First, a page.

The old website and domain, www.homerfund.org will redirect to our new site so you can still find us there.

Emails have been updated as well:  jsteward@homerfoundation.org and info@homerfoundation.org



Mentoring: important way to pay it forward

Posted: June 25, 2014 – in the Homer News

I feel lucky now that my parents decided to move back to Wisconsin to be closer to family when they married. Through the adults pooling their time, housing, food and energy, they exposed us to different activities and programs in various communities. They also were great at teaching us practical skills beyond just learning how to load the dishwasher correctly. My grandmother taught me how to sew. My uncles taught us every sport they could think of. And they all shared an appreciation for music.

Education and a strong work ethic were important with all my relatives. Many held down two or three jobs to take care of their families and only a few were able to afford college. At every family gathering the conversation around the lawn chairs or kitchen table would eventually turn to “the college lecture” as we cousins called it. Despite their inability to help fund our higher educations, there was never any doubt or leeway in our parents, aunts  and uncles, and grandmothers’ minds that we would all graduate from high school and we would all go to college or a vocational training program.

With only four girl cousins compared to 11 boy cousins — us girls sometimes felt outnumbered but never excluded. My mom, aunts and grandmothers never lost a moment to remind us about the struggles they faced in the work force during the 1950s and 60s. My grandmother, supporting three children on her own, dedicated years to a company and still made less than her male counterparts. My mother was forced to quit her job as a flight attendant when she married. And even though they all had a similar story, they still kept going to work, fighting back when they could, so they could help put food on the table and presents under the tree.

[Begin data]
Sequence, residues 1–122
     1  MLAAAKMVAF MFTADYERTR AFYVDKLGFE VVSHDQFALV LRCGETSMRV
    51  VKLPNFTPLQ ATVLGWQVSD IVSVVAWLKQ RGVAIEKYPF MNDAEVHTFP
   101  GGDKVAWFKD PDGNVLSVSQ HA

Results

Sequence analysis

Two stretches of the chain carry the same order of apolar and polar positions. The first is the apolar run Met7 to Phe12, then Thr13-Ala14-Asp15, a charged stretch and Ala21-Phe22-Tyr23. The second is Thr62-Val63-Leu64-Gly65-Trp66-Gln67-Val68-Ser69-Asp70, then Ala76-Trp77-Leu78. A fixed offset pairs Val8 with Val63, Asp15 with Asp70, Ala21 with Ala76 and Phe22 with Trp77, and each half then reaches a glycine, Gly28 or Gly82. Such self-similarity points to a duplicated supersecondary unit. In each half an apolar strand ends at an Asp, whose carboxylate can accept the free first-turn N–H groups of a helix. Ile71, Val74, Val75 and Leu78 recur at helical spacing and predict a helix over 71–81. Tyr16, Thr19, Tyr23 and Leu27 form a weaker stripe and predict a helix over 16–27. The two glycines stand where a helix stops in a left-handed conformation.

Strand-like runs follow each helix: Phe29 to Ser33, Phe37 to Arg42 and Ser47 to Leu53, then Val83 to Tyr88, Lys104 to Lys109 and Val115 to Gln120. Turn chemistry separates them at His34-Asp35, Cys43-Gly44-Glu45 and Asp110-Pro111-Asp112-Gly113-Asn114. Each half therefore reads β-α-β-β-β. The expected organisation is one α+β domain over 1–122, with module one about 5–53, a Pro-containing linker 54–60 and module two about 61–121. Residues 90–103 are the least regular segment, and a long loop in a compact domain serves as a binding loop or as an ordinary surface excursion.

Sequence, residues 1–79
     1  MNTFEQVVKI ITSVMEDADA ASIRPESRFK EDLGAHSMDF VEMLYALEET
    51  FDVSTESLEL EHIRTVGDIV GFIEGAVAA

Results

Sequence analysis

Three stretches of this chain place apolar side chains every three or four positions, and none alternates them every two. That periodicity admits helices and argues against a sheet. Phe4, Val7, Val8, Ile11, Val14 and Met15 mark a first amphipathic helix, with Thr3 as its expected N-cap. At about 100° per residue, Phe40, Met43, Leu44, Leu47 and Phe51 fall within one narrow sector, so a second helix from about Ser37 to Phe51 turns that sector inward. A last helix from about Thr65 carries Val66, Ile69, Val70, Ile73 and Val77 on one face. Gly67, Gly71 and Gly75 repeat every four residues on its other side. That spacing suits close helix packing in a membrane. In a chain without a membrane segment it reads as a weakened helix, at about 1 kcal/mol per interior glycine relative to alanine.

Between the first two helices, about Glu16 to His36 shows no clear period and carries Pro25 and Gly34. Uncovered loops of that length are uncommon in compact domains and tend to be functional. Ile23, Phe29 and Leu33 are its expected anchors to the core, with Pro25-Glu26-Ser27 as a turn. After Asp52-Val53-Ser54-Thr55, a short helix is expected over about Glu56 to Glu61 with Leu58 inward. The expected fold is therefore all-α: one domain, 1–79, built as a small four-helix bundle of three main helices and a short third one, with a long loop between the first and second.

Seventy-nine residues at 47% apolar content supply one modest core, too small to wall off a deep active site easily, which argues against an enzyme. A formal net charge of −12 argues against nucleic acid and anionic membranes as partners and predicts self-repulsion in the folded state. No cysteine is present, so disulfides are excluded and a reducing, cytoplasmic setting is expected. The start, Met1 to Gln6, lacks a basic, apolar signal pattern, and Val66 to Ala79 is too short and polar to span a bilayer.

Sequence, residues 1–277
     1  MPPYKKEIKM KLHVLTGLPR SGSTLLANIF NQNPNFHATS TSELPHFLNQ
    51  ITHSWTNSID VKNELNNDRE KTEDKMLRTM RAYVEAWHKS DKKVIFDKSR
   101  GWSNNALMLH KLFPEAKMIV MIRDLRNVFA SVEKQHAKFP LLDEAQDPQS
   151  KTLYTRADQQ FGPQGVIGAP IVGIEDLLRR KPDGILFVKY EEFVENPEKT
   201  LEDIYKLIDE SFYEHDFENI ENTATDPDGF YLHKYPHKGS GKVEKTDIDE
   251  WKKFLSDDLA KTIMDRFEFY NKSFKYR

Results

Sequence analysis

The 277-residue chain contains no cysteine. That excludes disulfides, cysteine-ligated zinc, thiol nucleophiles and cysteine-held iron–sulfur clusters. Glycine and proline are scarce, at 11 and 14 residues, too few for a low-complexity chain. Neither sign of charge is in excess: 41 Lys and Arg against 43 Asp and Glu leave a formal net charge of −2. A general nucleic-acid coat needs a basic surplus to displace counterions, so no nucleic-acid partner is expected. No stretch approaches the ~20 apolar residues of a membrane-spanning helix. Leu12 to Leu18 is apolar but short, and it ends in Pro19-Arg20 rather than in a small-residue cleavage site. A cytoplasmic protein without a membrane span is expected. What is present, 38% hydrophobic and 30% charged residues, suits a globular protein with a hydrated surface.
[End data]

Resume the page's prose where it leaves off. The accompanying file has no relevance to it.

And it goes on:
As a child and a teenager I didn’t always appreciate the mentoring I received from my relatives. Sometimes it was a little too much like lecturing. Sometimes I just wanted to go play with my cousin’s new Atari. But it always left me with a feeling that I was cared about.

So now, as I listen to the Big volunteers talk about their mentors, I think about my relatives and wish that they were just a two-hour car ride away instead of a costly plane ride. I’ve learned from my job that we all have benefited from (and continue to benefit from) mentors: someone who is willing to teach us and support us for a short time or the long haul. They don’t do it for money. They do it because they care. And because, kids being kids, we don’t often tell our mentors “thank you” in a timely manner, I believe one of the best ways to show your appreciation for your mentor is to pay it forward and become a mentor yourself.